Is this a good DMM for $70 ???

This old topic is closed. If you want to reopen this topic, contact a moderator using the "Report Post" button.
If accurancy is no big deal I would say that don't buy an unneccessary expensive DMM.

I would say that a 30 USD can be perfect for you unless you want high mechanical qaulity.

I have used Fluke 77 for years, a true work horse with fast auto ranging and very little power consumption (one battery every 12-18 months).

Rescently I bought a maximized APPA 305 but this thing eats batteries! Also slow autoranging! But I had chosen Fluke the price would have been x1.5- x3! APPA 305 costs here in Sweden 280 USD and Fluke costs 400+ USD.
Here are some things to consider about DMMs...
1) Digits- 3 is somewhat limited- 4 is OK, 5 is great, 6 is overkill for most applications.
2) Features- inductance is almost useless for audio work. Capacitance can be useful if you have a bunch of unmarked parts, otherwise it is not all that useful. It isn't usually very accurate unless you have a fixture and proper cable to connect to the meter.
3) Battery life- this can be a big deal, but the catalogs don't tell you what the life is (because it will vary depending on how you use the meter) so you just have to ask around a lot.
4) Settling time - some meters seem to take forever to give you a stable value, others are quick. Unfortunately, this varies from model to model, even in the same manufacturer's line.
5) an "analog" or bar-graph type display is useful for making adjustments (but an analog VTVM or similar device is even better).
6) Other goodies- like communitions to a PC and data logging- can be useful for moniotring long term changes in temperatures, bias levels, etc. I understand Radio Shack has a couple meters out with this sort of capability, as does Fluke.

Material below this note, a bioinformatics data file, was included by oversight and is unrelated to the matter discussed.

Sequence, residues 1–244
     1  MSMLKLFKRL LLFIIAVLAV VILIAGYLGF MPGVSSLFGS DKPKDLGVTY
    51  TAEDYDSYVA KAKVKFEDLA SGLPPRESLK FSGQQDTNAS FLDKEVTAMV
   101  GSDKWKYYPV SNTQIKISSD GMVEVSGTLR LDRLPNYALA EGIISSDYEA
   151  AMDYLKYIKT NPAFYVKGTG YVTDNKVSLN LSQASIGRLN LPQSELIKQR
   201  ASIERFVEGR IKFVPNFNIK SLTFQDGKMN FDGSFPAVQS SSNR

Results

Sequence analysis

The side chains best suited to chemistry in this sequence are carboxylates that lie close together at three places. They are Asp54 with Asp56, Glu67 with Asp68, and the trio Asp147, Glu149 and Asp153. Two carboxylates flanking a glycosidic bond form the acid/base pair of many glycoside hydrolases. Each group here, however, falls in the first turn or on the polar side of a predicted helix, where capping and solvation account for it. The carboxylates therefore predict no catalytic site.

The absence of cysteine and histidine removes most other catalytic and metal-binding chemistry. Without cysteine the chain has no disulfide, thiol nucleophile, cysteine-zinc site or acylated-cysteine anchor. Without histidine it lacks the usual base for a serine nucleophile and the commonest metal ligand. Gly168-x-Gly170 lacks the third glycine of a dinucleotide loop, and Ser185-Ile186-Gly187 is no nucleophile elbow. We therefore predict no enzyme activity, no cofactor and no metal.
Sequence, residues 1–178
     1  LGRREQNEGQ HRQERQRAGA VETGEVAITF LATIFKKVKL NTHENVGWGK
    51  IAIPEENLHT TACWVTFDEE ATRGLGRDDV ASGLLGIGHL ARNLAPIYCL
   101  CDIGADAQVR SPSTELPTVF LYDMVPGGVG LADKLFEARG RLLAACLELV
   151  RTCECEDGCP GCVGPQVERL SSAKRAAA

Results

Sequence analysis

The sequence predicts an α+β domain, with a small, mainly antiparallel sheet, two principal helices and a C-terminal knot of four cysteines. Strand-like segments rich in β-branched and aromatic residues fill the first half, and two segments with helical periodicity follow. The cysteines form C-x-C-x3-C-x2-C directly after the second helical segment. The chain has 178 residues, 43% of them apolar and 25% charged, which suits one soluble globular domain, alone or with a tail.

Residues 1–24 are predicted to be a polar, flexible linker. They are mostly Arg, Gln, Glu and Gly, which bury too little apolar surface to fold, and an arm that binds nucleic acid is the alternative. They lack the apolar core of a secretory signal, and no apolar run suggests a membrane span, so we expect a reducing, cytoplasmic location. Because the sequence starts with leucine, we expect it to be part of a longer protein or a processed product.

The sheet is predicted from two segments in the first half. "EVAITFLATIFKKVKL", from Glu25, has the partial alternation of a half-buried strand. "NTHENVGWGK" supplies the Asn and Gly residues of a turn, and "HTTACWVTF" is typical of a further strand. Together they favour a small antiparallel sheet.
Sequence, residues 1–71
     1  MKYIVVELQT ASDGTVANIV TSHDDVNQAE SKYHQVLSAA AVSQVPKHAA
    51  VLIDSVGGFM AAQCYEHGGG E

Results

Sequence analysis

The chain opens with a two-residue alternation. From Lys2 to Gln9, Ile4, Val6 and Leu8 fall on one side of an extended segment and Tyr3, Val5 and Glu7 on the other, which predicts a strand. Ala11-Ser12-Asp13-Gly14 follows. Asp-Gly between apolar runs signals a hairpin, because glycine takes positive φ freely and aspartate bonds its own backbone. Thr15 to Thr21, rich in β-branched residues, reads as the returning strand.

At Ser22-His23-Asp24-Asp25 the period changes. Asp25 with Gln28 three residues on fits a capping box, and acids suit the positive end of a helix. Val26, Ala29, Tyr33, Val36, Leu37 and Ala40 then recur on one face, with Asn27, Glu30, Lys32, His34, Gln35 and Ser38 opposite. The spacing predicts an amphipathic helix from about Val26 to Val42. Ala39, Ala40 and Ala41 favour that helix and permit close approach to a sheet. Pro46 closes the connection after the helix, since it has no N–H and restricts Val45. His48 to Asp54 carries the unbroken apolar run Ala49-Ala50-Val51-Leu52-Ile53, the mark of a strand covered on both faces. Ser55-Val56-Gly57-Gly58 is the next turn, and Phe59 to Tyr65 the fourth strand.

I say spend the extra dough and get a Fluke. These days most models have a lifetime warranty (which is one of the things that pushes up the price a bit). The first time you have to replace a meter because repair cost is about the same as purchasing a new one (and it usually is) you'll kick yourself for not getting the one with lifetime warranty up front.

In my many years of doing electronics I have learned two things:
1) Never buy cheap tools. They will break your heart every time.
2) Never buy components at retail unless you have an immediate need for them. Like computer software, the prices always drop over time, and better ones are coming out all the time.

I got Fluke 97, got Fluke 87, but mostly find myself using cheap Wavetek DM15XL. For my needs I don't see much difference between all those meters. Actually, I don't like to use Fluke 97, because it's too big and too complicated (I used it only as a scope). I recommend to buy a cheap meter and try it out, if it's not up to your needs, buy second one, more ealaborate. Whenever I test my new amp for a first time I always need 2 meters so it won't be a lost or wrong decision on your side.;)

And inductance mesurement capability is very important for speaker building.
Capacitance can be useful if you have a bunch of unmarked parts, otherwise it is not

Or want to match caps for filters, crossovers, RIAA, cable capacitance, ect. I have two capacitor meters and use them alot. I like an inductance meter for measuring transformers windings also. you can make a test jig with banana plugs and alligator clips with very low stray parasitic capacitance and inductance. More than adequate for audio frequency parts.

agree with the others, this instrument should do fine. But maybe you are better on on with a 4 digit meter not having capacitance and inductance.